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Bush Supports Israel's Move Against Hezbollah
Secretary of State Condoleezza Rice indicated yesterday that the situation is not yet ripe for U.S. diplomatic intervention.
"We have to make certain that anything that we do is going to be of lasting value," Rice said during a brief session with reporters along with Egyptian Foreign Minister Ahmed Aboul Gheit. "The Middle East has been through too many spasms of violence, and we have to deal with underlying conditions so that we can create sustainable conditions for political progress there."
Rice added: "When it is appropriate and when it is necessary and will be helpful to the situation, I am more than pleased to go to the region."
After talks with Rice, the Egyptian foreign minister pressed for an urgent cease-fire. "We have to keep working to reach that objective. It is imperative. We have to bring it to an end as soon as possible," he told reporters at the State Department.
A U.N. team touring the region is expected to return tonight and brief the Security Council tomorrow. Secretary General Kofi Annan will also discuss his ideas for an international peacekeeping force, which he said will be "much larger" than the U.N. mission of 2,000 peacekeepers stationed in southern Lebanon since 1978. Annan said a force "would help stabilize the situation" in southern Lebanon and give the fragile Lebanese government time to "sort out" Hezbollah's disarmament and "extend its authority throughout the territory."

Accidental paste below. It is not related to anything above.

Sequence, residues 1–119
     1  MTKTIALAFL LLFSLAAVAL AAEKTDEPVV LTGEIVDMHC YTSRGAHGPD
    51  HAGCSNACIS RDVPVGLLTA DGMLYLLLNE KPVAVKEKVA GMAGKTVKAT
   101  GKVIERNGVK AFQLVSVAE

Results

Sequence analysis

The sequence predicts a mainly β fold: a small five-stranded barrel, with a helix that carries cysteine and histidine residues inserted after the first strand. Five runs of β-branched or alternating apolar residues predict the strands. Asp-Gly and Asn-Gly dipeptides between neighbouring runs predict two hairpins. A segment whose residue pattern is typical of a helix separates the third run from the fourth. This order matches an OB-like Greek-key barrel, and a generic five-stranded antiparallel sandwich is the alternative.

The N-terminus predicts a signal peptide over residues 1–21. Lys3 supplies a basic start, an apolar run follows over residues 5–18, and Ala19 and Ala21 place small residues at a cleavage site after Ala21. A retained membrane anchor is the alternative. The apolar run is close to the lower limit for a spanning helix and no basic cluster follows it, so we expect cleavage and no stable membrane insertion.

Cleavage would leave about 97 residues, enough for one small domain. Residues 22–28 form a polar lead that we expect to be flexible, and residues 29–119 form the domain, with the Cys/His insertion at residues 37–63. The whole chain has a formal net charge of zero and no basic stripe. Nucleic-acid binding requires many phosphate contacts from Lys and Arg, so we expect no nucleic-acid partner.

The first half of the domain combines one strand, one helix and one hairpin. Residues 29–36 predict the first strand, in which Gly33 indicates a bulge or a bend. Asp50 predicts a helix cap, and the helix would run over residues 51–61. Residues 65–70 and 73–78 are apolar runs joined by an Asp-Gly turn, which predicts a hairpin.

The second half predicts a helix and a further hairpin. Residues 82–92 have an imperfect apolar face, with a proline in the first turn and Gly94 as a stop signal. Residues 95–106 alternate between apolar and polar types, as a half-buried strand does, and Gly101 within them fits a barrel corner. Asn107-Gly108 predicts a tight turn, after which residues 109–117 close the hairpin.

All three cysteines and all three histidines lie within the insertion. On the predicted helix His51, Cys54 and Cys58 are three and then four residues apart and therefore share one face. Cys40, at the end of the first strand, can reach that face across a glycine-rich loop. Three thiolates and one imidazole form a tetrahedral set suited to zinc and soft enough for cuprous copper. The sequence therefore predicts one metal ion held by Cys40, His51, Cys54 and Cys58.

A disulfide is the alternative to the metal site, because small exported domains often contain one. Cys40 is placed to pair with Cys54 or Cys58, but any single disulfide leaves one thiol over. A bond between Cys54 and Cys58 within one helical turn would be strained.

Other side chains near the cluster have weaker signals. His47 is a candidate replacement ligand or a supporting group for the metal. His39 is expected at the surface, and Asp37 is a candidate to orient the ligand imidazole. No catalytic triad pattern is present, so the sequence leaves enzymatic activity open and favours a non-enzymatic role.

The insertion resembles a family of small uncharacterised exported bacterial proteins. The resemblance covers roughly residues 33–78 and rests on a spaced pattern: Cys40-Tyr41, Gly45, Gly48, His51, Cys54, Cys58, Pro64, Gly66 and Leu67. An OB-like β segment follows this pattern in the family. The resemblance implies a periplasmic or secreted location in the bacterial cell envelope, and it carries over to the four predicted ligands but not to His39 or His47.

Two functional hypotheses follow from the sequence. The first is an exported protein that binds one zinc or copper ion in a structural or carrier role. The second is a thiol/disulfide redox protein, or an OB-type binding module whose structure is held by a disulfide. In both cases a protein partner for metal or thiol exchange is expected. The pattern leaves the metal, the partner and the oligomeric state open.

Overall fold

Rice is expected to attend the U.N. discussion, diplomats said.
Some U.S. and European military and intelligence officials said yesterday that they were puzzled by Israel's strategy and concerned that its goals are unrealistic or too ambitious.
Israel has "target packages" but no viable long-term strategy, a senior U.S. official said, speaking anonymously because he was criticizing an ally. There is limited reason to believe that either Hezbollah or Hamas can be compelled to give up their Israeli prisoners or end the attacks.
Others questioned the impact on the Lebanese government and the very military force Israel hopes will eventually take over the areas now under Hezbollah's control.
"Won't Israeli military actions have the effect of decreasing the already limited capacities of the Lebanese government?" asked retired Army Col. Andrew Bacevich, who teaches at Boston University. "Going after Hezbollah makes sense, but I just don't understand the rationale for the campaign as it is being conducted."
But retired Israeli army Col. Gal Luft, a former commander in the town of Ramallah, said, "Israel is attempting to create a rift between the Lebanese population and Hezbollah supporters by exacting a heavy price from the elite in Beirut. The message is: If you want your air conditioning to work and if you want to be able to fly to Paris for shopping, you must pull your head out of the sand and take action toward shutting down Hezbollah-land."
Other specialists in security strategy said that Israel is sending messages to several audiences, telling the people of Lebanon that the attack is the price of tolerating the Hezbollah's presence and the broader Arab world that its current response is the price of provoking Israel.
Staff writer Colum Lynch at the United Nations contributed to this report.